26 October 2016 | Stardeath in Cygnus


Credit: Martin Rusterholz | Click image to enlarge and here for full-size (5MB)

Image Data
  • Location: France
  • Camera: Apogee CG16M
  • Optics: Takahashi FSQ-106EDX III
  • Mount: ASA DDM85
  • Filters: Astrodon Gen 2, 3nm/5nm Narrowband
  • Exposure: HaOIIIRGB 400:520:210:210:210 min

Supernova remnants are formed from the supernova explosions of large stars and approximately 300 are currently known in the Milky Way. The constellation of Cygnus is home to one of the most well known ones, the Veil Nebula. There are however many more obscure and lesser known examples of supernova remnants in Cygnus (as well as other constellations).

One of these less well known examples is G65.3+5.7, a predominantly OIII shell of ionized gas ejected by the explosion of a star many thousands of years ago. The full 4×3 degree shell (equivalent to the area of 8×6 full moons in the sky) barely fits in its entirety in this 3.5 degree widefield image. The name derives from a naming scheme based on the galactic coordinate system, which is used for various supernova remnants, planetary nebulae and HII regions.

Discovered in an OIII survey of the Milky Way in 1977 by the astronomer Ted Gull, parts of it had been catalogued previously by Stewart Sharpless in his catalogue of HII regions and emission nebulae. The brightest part of G65.3+5.7 (also catalogued as G65.2+5.7) is its southern rim, which is catalogued separately as Sh2-91, while some of the brighter filaments visible near the top right corner are catalogued as Sh2-94. An additional one, Sh2-96 is situated to the north of Sh2-94 and is visible as a red filamentary region. After the publication of the Sharpless catalogue, the astronomer Sidney van den Bergh postulated in 1960 that Sh2-91 and Sh2-94 might form part of a previously unknown supernova remnant, which was confirmed by OIII images taken later due to its prominent oxygen emission.

Despite being a catalogue of emission nebulae, some of the entries in the Sharpless catalogue correspond to a wide panoply of object types including supernova remnants, planetary nebulae, Wolf Rayet nebulae, dust clouds and even galaxies! The confusion is due to the selection critera for the compiling of the Sharpless catalogue being based on the appearance of a particular object on red photographic plates taken at the Palomar Observatory. Considering the Sharpless catalogue was based on photographic plates when it was published in 1959, it is an excellent source of imaging targets for amateur astrophotographers in both the northern and southern hemispheres as some of the Sharpless nebulae are included in the RCW catalogue.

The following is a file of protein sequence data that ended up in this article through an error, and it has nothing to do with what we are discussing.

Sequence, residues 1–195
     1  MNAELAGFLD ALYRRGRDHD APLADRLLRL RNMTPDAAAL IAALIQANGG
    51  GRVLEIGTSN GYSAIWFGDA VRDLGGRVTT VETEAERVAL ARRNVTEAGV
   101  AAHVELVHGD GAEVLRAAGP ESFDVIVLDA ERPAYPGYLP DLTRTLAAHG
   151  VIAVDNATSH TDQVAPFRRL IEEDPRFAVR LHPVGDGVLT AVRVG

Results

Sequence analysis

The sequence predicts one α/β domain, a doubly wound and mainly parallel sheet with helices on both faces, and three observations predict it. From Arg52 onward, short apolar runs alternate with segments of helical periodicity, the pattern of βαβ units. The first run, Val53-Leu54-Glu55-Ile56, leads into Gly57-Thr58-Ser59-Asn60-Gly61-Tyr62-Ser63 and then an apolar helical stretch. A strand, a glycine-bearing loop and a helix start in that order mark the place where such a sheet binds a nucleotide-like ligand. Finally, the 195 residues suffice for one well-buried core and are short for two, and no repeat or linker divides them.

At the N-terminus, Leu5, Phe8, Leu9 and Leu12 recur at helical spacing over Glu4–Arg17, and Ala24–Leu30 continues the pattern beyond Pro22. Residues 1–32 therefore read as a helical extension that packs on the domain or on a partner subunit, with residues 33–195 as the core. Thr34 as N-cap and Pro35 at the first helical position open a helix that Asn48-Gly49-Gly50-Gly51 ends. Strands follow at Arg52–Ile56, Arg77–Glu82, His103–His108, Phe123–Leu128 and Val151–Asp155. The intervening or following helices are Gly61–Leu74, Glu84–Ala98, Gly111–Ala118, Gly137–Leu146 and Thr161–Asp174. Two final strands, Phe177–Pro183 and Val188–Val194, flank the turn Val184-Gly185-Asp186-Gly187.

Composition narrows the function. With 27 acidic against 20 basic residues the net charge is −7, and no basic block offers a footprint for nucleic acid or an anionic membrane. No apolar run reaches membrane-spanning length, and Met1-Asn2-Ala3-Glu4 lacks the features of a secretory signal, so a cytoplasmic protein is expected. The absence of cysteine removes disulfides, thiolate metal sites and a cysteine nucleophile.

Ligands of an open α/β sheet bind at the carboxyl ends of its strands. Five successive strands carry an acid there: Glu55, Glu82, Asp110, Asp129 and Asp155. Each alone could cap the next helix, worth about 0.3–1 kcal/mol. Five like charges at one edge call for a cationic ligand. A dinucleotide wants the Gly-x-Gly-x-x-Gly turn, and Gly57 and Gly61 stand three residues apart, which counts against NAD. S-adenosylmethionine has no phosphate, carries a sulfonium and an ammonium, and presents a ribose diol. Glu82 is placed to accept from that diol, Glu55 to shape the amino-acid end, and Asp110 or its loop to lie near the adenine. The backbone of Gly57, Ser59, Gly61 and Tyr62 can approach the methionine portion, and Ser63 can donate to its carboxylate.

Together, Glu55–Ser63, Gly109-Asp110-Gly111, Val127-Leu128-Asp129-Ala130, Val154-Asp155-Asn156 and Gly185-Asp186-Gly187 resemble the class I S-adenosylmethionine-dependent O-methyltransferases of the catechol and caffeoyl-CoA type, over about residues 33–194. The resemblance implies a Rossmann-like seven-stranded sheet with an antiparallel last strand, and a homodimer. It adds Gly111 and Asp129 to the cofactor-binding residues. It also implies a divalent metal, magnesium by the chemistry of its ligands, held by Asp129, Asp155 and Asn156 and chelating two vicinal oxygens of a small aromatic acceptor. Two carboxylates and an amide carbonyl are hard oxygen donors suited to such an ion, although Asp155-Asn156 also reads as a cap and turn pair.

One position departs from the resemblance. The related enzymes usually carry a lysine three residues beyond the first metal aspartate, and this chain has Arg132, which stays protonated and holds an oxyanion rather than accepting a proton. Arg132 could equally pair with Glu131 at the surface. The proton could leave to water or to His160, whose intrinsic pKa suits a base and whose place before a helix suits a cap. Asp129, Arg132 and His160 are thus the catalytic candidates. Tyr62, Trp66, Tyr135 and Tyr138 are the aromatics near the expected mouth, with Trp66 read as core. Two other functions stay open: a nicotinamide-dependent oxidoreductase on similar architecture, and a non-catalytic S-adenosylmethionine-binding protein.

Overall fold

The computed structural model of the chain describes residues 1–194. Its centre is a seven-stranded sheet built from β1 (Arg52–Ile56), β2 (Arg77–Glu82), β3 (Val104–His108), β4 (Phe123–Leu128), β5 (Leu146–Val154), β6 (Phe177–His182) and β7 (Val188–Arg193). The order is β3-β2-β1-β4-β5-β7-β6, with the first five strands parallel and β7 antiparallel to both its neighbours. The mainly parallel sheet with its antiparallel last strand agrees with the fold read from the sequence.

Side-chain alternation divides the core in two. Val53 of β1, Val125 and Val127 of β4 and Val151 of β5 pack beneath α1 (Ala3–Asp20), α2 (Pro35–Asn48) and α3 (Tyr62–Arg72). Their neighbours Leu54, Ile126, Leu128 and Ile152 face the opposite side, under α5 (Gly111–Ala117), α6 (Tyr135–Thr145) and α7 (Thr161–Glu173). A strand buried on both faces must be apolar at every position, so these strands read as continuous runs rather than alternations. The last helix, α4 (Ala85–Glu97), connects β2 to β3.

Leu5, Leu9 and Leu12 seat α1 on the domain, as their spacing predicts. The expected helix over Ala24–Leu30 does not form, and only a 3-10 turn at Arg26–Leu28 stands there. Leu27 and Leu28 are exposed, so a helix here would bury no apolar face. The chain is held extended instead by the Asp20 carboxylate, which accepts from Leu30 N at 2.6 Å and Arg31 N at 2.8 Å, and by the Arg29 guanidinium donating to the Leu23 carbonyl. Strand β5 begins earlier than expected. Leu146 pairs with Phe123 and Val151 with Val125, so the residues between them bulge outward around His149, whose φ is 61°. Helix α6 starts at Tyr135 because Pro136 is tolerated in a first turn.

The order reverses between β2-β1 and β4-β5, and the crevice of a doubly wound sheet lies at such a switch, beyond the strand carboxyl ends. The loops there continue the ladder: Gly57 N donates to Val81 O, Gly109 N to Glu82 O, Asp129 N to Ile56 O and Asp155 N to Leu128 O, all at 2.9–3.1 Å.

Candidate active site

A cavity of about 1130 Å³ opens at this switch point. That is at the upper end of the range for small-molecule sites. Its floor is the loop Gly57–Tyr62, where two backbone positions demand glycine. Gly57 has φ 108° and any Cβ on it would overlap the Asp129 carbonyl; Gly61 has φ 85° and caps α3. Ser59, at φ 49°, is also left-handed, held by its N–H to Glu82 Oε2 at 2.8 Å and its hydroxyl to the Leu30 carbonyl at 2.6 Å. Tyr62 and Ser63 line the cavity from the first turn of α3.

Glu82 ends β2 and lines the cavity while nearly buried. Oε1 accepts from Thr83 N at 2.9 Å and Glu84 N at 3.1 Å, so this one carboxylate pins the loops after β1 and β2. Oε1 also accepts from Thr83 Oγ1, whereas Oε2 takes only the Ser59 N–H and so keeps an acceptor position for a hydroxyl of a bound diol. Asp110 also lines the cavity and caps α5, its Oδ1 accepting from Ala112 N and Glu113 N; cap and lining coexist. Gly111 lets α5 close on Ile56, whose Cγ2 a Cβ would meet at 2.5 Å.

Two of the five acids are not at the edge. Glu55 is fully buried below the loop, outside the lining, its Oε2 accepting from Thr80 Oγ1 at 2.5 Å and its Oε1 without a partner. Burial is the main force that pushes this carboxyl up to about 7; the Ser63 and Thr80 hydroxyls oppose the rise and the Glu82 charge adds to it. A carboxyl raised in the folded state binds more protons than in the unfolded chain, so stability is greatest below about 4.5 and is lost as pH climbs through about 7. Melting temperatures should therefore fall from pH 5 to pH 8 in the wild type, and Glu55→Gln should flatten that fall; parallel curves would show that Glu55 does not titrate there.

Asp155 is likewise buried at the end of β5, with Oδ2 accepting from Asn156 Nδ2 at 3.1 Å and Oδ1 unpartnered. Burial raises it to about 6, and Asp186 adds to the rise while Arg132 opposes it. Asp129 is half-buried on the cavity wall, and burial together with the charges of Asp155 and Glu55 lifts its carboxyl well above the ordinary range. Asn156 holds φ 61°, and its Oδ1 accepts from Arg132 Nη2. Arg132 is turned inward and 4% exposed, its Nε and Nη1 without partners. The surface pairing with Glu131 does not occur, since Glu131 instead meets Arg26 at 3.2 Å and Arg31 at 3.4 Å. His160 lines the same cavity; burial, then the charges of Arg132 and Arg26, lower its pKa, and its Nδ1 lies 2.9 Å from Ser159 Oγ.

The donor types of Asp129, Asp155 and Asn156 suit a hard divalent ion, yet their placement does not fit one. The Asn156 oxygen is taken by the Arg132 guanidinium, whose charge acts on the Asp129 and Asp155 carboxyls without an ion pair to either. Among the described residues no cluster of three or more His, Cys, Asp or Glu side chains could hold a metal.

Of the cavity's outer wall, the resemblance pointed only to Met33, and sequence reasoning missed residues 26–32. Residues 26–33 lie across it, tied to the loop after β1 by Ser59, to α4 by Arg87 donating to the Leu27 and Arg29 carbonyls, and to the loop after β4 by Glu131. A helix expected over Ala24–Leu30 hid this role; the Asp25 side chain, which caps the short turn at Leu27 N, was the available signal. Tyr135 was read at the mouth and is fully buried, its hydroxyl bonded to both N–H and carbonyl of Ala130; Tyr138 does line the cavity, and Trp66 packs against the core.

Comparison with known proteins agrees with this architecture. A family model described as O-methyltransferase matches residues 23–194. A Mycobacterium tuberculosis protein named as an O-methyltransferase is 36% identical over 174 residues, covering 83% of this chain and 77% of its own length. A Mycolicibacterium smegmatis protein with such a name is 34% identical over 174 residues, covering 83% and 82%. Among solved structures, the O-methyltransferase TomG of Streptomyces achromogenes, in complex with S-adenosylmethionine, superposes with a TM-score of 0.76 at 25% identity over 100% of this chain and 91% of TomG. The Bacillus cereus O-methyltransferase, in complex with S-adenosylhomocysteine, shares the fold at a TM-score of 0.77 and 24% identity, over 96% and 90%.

After its discovery in 1977, G65.3+5.7 was confirmed to be a definite supernova remnant in 1979 after various radio and x-ray observations were performed. It is one of the largest supernova remnants in the Milky Way and consists of a lovely tapestry of interlocking filaments. At an estimated distance of approximately 3250 light years, the full span of the whole shell is 228 light years with an estimated age of 20,000 years. While it is bright in x-rays, it has an unusually low surface brightness in radio observations. Professional studies have concluded that G65.3+5.7 might be the oldest example of a thermal composite (mixed morphology) type supernova remnant. Another type of composite remnant are plerionic composite supernova remnants.

Its faintness and large diameter make it a perfect but challenging target for astrophotographers with widefield setups. Despite its photographic discovery, it is possible to visually observe parts of it from a dark sky site with an OIII filter. It can be found north of the famous double star Albireo.

Other objects of interest in this image include the bright star Phi Cygni north of Sh2-91 (the southern rim of G65.3+5.7) as well as the tiny 30 arcsecond planetary nebula Kronberger 15, which can be found somewhere near the bottom left corner of the full resolution image. Another fairly hidden and inconspicuous object is the red “star” visible to the north of Sh2-91 in the full frame image, this is Campbell’s Hydrogen Star and despite its name is a planetary nebula.

Further examples of obscure supernova remnants in the constellation of Cygnus include CTB 80, W63, G70.5+1.9 and HB 21. In fact, the entire sky is full of lesser known supernova remnants that are worthy of long exposure astrophotography with more being discovered as time goes on!

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